New monitoring reports published

Date posted: 19-Jul-2018

Reports on monitoring studies carried out over the past year have now been poste..

2018 Concert coming up soon

Date posted: 15-Feb-2018

Our 2018 concert will feature an afternoon of light classics and jazz courtesy of the Auckland Ph..

Wetapunga talk coming soon

Date posted: 05-Feb-2018

For the Social on 19 March the speaker will be Ben Goodwin of Auckland Zoo, who will talk about t..

Rat caught and now takahe released from pens

Date posted: 28-Jan-2018

Thankfully DOC staff Andre de Graaf and Polly Hall and their assistants have trapped the rat whic..

Your Christmas Shopping for a Song

Date posted: 04-Dec-2017

Aka - The Grand Christmas Shopping Expedition to Tiritiri Matangi Island Shop Dreading..

2018 Photo Comp opens for entries

Date posted: 27-Nov-2017

The 2018 Photo Competition is now open for entries. Click here (/2018-photo-competition-tiritiri-mat..

New reports on ruru nesting and Island conservation

Date posted: 02-Oct-2017

Two new reports have been added to the website. The first gives details of a summer students..

2018 calendars now available

Date posted: 27-Sep-2017

Our latest calendar, beautifully illustrated with images taken on the Island, is now available fo..

Guided walks for photographers

Date posted: 21-Jun-2017

For a wonderful day of wildlife photography please join us on Tiritiri Matangi Island for a Ph..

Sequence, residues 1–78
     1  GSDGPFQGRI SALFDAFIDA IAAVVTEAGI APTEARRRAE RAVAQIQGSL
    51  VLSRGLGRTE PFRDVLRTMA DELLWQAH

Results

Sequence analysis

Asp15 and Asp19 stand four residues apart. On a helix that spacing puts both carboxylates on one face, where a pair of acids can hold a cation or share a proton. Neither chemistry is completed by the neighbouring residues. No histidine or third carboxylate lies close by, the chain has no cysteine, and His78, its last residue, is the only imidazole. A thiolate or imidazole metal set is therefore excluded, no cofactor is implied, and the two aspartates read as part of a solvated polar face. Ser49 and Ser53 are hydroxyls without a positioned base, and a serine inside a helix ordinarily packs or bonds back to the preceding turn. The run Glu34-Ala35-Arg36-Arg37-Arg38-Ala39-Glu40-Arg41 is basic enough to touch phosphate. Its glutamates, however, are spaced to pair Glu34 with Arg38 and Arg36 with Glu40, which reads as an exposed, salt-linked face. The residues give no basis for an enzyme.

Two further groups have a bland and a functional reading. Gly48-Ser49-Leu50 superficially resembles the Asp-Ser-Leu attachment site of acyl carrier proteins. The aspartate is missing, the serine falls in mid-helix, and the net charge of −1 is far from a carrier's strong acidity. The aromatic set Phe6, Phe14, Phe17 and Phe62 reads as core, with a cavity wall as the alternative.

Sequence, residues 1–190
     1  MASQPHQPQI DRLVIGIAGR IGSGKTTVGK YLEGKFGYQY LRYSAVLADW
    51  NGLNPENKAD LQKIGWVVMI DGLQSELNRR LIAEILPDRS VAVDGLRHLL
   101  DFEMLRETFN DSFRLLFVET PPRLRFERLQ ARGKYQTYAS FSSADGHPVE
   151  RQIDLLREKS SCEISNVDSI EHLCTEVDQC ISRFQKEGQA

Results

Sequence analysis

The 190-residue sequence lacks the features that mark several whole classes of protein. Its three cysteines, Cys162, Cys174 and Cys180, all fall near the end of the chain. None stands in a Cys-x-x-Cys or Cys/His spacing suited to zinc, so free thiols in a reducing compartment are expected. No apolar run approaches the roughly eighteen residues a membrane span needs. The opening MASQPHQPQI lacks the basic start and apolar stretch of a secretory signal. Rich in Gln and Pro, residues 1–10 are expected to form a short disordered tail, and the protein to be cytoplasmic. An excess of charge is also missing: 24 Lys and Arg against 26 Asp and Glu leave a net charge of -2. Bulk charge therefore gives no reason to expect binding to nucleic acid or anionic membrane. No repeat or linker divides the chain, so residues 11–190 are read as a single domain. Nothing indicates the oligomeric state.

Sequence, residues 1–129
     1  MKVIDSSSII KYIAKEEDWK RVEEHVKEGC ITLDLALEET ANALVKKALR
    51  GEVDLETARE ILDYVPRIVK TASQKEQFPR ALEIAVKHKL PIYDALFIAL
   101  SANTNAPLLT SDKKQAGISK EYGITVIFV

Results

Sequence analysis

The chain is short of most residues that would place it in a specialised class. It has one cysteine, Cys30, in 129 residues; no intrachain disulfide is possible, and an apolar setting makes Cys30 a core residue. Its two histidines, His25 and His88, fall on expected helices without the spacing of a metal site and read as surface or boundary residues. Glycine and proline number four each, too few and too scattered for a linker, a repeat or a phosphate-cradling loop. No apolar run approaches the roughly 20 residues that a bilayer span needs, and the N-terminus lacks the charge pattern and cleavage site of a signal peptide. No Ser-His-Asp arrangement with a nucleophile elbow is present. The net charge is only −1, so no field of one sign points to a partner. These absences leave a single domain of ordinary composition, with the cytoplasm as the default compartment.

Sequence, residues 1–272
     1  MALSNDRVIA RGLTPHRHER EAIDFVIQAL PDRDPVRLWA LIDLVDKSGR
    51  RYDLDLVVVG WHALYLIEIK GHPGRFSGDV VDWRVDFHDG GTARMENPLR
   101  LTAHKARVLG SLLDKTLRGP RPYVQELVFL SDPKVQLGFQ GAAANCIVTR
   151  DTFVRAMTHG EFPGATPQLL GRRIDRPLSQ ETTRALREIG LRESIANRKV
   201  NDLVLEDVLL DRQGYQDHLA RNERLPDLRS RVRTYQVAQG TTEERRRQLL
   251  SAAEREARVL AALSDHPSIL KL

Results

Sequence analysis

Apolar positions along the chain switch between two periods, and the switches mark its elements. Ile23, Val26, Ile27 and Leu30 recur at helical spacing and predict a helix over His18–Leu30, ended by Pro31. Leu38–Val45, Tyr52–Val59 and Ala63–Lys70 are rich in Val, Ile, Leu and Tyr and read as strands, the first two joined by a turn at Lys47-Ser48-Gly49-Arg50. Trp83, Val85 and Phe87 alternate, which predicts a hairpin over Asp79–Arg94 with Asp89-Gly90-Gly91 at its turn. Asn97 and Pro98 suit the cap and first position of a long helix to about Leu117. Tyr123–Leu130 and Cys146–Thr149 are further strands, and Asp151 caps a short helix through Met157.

Ferry discounts for Supporters

Date posted: 18-May-2017

Tiritiri Matangi Island, the perfect winter's day trip. The birds are at their best, warm up w..

Hibiscus Diversifolius

Botanical name: Hibiscus diversifolius
Common name:  Prickly hibiscus 
Height: 1 metre

Prickly hibiscus is a native and occurs naturally in the northern most extremity of the North Island. It forms stems which can be about one metre tall and are woody at the base. The stems and leaf stalks can have sharp prickles as well as bristly hairs. The leaves are three-to-five-lobed and are rough to touch. Flowering occurs from September to April. The attractive flowers have pale lemon- yellow petals with purple centres. They remain open for only a day before they begin to wither. The seed capsules that form are prickly with sharp hairs.  

Prickly hibiscus also occurs in eastern Australia and on some of the Pacific Islands. The species name 'diversifolius' describes the diverse shape of the leaves.

Photography by Warren Brewer ©